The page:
By Dennis K. BohannonSeptember 27, 2011
WASHINGTON (Army News Service, Sept. 26, 2011) -- At Aberdeen Proving Ground, Md., the Army spent more than $1 billion on construction, added 2.8 million square feet of facilities and 18 buildings, demolished 140 structures, improved nine miles of roads and upgraded electric, water and information technology infrastructure.
All the work there was part of a successful effort to complete the congressionally mandated Base Realignment and Closure 2005 legislation.
Of course, the 2005 round of BRAC affected more than just the Soldiers and civilians at Aberdeen Proving Ground. The sweeping legislation approved in 2005 by Congress affected the entire Department of Defense. The deadline for compliance with BRAC, Sept. 15, was the same for all those affected. But of all those affected by BRAC, the Army bore the largest burden.
The Army was responsible for 47 percent of the entire DOD BRAC 2005 program. It took six years, nearly $18 billion and the relocation of more than 250,000 Soldiers and their families along with more than 20,000 Army civilian positions to comply with BRAC 2005.
The relocation of that many people affected not just those who had to move, but the communities surrounding installations as well. The BRAC efforts at APG, for instance, brought some 11 organizations there from other installations.
The Army Communications-Electronics Command had 69 percent of its 7,200-person workforce make the move to APG from Fort Monmouth, N.J.
The senior commander at APG, Maj. Gen. Nick G. Justice, lauded local community leaders, and county and state officials for engaging and supporting the post as it renewed itself by shutting down elements and welcoming others.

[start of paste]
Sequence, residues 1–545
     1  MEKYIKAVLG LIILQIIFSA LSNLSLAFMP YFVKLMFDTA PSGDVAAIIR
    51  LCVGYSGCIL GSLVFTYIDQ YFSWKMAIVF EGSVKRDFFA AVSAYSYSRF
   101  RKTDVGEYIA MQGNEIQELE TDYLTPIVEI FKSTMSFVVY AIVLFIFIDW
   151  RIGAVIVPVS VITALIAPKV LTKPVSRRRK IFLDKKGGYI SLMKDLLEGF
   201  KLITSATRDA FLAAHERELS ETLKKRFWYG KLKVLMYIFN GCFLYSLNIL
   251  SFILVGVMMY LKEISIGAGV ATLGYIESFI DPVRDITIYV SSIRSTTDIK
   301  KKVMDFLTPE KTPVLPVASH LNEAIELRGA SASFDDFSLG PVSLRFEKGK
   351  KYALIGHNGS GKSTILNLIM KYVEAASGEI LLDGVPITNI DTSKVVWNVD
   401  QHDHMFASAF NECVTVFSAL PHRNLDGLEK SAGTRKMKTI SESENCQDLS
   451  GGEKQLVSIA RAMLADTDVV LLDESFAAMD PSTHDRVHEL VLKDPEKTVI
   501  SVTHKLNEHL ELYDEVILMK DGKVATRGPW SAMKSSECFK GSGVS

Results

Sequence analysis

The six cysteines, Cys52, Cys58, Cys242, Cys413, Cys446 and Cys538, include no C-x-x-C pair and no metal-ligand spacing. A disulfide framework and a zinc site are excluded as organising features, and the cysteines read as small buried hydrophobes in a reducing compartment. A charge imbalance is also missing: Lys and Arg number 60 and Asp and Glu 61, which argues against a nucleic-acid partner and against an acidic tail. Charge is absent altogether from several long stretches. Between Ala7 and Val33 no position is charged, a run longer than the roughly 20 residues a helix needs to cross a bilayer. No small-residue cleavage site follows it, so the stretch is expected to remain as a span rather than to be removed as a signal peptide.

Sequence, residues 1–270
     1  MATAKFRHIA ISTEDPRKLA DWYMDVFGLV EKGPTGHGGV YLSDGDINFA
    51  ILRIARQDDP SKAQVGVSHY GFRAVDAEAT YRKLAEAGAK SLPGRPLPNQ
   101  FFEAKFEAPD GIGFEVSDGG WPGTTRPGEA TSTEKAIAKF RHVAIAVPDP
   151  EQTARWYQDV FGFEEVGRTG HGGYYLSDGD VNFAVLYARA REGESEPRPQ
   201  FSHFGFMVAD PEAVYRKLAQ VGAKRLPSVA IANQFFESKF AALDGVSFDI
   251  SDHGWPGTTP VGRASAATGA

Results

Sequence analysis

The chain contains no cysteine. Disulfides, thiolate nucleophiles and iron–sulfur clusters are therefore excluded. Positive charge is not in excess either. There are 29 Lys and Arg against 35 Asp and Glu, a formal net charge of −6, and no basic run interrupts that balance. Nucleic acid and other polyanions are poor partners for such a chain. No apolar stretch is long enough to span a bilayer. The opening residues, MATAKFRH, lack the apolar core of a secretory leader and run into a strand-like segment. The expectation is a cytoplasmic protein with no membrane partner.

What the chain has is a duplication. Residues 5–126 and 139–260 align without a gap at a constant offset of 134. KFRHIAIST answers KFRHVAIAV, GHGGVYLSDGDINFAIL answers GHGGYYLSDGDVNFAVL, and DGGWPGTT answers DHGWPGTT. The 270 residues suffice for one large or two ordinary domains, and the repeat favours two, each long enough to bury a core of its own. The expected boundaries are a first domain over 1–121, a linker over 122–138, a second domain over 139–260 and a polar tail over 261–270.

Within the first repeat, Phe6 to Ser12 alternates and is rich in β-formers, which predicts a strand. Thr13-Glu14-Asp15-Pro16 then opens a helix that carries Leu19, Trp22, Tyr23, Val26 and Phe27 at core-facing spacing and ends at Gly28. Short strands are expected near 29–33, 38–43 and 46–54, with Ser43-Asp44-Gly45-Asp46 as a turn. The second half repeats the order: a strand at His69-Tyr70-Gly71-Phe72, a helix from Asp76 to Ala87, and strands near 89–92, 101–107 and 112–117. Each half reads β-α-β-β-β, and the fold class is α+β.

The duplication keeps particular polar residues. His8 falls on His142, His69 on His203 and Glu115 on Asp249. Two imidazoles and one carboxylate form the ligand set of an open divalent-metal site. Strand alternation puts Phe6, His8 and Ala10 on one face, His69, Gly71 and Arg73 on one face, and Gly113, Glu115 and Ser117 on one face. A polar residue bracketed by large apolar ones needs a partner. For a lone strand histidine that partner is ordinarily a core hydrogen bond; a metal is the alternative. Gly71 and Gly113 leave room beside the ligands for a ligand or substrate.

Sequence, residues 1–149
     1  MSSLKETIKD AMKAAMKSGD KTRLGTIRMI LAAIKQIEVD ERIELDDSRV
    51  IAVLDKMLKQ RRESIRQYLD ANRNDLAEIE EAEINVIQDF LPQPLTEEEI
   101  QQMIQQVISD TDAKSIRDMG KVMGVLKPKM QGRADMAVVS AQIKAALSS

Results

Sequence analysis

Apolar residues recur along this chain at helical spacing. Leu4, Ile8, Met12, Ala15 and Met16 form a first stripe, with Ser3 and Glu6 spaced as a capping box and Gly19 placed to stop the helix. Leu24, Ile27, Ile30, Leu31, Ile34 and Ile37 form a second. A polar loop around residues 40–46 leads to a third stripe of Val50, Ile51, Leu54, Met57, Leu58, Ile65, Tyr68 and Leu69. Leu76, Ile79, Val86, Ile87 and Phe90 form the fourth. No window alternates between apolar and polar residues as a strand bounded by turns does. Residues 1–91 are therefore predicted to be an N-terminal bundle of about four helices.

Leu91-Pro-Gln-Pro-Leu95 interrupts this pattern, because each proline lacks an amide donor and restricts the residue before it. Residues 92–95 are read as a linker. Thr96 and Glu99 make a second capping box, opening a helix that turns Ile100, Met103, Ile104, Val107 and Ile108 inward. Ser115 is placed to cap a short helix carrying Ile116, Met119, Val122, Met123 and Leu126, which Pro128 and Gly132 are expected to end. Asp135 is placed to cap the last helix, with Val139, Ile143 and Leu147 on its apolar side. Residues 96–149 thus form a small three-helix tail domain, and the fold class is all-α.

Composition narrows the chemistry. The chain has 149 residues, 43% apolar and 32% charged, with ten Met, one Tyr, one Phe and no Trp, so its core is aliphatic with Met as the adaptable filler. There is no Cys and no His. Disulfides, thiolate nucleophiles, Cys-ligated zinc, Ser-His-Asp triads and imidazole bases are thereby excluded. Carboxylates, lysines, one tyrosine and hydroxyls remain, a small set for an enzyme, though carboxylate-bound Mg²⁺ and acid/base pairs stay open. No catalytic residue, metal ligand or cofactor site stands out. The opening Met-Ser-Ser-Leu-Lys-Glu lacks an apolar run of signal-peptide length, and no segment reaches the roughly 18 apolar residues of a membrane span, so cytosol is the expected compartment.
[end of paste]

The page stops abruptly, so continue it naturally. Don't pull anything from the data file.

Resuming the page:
"They literally went out of their way to encourage people to come down and do pre-location visits here -- to Baltimore, surrounding towns, communities -- [and to] look at housing and schools by providing bus service," he said, noting that the bulk of the workforce at APG is civilian-based.
The Army closed 12 active-component installations, one Reserve installation, and 387 National Guard Readiness and Army Reserve Centers. Additionally, the Army reduced occupancy in eight leased facilities, and also returned more than 70,000 acres of excess property and facilities to local communities, towns and states for redevelopment.
New construction that consolidated bases took place in Maryland and Virginia, while closures in the northeast included Fort Monmouth, Fort Monroe, Va., and Walter Reed Army Medical Center in Washington, D.C. The Army's hospital was consolidated with the National Naval Medical Center in Bethesda, Md., to become the Walter Reed National Military Medical Center.
Additionally, a $1.03 billion community hospital was constructed at Fort Belvoir, Va. That facility spans 1.3 million square-feet and features 120 beds with 55 primary and specialty care clinics, as well as primary and secondary level care. The hospital uses 30 percent less energy than the medical facilities it replaced. More than 3,200 employees will manage the 1,500 patient visits per day.